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Global Economy Holding By Fingertips

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On Tuesday, the International Monetary Fund (IMF) lowered its global Gross Domestic Product (GDP) estimates again; although at 3.4%, the world would see greater growth than the 3.1% achieved in 2015. While the IMF doesn't possess the greatest track-record on predicting economic developments, the point is that we’re looking at another challenging year where growth estimates are already retreating.


China announced yet another initiative to spark its economy while simultaneously trying to stop a run on the yuan, which might be too late. On top of it all, with the heavy lifting of defending a currency and sparking an economy, the Chinese must find a way to turn its stock market around.

In November 2013, communist China made it official in a communiqué, saying that the stock market would play a “decisive” role in its allocation of resources rather than a “basic” role, as it had been the case. Of course, while we lament China’s situation, we should understand it’s an export economy- their woes, in part are our woes as well.

As for the rest of the world, I did find it interesting that Germany and the UK are supposed to hold up; and it’s no surprise, France will lag. In fact, this week began with France announcing an economic emergency as its economy continues to stumble. While they aren’t going to hike taxes, the French government is seeking to pay small businesses $2,200 for each new hire that lasts more than six months.

We tried those gimmicks in America-it’s not going to work.


The fact is that France needs lower personal and business tax rates, and to hike the workweek to 40+ hours. By the way, if you think Bernie is sexy, consider what the socialists have done to destroy France.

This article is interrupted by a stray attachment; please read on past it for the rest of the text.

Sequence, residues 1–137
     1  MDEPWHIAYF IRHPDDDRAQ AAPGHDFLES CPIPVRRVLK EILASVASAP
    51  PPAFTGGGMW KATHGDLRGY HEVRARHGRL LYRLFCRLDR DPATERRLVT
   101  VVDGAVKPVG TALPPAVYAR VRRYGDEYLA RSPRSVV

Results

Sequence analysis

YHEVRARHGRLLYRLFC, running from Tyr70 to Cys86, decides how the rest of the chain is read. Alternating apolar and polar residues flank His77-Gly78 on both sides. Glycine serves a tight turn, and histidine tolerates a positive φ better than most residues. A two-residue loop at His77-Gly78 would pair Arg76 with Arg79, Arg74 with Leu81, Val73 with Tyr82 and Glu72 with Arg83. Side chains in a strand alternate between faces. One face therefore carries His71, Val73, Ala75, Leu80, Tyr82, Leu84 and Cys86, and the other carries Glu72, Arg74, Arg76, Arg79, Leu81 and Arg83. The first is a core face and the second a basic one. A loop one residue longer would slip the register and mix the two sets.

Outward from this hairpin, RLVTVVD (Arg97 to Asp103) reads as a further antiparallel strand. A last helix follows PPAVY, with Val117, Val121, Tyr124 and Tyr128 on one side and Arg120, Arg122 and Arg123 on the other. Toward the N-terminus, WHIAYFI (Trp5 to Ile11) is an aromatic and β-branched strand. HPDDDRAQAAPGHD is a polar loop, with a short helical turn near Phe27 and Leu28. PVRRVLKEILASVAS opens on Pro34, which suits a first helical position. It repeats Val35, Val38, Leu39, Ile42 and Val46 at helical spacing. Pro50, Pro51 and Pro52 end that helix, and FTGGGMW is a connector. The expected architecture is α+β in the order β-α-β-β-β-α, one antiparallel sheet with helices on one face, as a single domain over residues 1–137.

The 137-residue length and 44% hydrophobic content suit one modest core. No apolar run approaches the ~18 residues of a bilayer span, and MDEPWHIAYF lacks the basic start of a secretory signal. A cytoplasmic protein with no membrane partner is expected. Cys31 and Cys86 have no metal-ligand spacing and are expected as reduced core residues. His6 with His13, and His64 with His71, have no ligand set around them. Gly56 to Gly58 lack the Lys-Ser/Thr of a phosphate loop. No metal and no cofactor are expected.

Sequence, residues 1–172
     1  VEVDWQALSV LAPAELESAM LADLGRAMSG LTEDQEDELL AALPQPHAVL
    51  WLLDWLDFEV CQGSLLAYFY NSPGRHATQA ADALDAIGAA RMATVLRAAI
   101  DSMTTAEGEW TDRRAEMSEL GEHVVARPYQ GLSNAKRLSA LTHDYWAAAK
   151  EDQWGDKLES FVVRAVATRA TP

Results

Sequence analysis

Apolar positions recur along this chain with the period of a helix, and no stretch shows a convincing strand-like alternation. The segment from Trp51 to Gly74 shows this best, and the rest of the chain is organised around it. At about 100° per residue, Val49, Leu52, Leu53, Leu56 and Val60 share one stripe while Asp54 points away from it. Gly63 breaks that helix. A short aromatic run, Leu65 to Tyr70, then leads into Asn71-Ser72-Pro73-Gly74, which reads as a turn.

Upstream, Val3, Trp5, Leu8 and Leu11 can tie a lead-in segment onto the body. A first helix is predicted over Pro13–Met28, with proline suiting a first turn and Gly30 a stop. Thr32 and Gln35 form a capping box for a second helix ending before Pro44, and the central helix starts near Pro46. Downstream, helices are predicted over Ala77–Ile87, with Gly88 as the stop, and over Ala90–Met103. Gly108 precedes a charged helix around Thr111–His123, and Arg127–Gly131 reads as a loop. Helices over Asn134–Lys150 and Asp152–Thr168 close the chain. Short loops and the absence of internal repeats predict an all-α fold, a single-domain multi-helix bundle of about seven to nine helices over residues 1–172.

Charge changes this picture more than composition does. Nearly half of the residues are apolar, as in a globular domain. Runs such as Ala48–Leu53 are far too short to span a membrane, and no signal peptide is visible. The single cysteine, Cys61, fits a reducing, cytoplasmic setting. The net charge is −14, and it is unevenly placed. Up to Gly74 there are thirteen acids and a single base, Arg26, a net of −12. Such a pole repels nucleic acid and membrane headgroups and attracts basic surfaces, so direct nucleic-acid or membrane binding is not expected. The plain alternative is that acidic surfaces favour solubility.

Once again, the stock market was unable to sustain a big rally, pulling that Roman candle act where it soars into the air at the start of each session, looking majestic and feeling exciting before it rapidly dims-and fades away. Considering the slide in West Texas Intermediate (WTI) - Tuesday was impressive.

The scuttlebutt of a price war between Saudi Arabia and Iran has driven Brent Crude and WTI lower. If Iran is looking to dump its 36,000,000 barrels at a loss in a gambit to reclaim lost shares in Asia, then it could hasten the moment the Middle Kingdom wakes up to the fact this experiment is as dumb as the past oil embargoes that ended up killing the end-user and forcing them to speed up alternatives.

If the economy is slipping and if oil continues its march towards $20, then where does this put the Federal Reserve and how does Janet Yellen, articulate a change in strategy without spooking the markets? Sure, the Street wants to know the Fed isn’t so wedded to the idea of four rate hikes, but they ignore the obvious.


There are odds of at least one rate hike:

  • January 1, 2016- 94%
  • January 19, 2016- 69%

Small Cap Free-Fall

The Russell 2000 is being pummeled. The small-cap index has pierced all key technical support from moving averages to chart formations. I think 954 could be a solid support point; but at this point, this index has to turn to change the feel for individual investors. On the upside, 1050 might be the breakout point.


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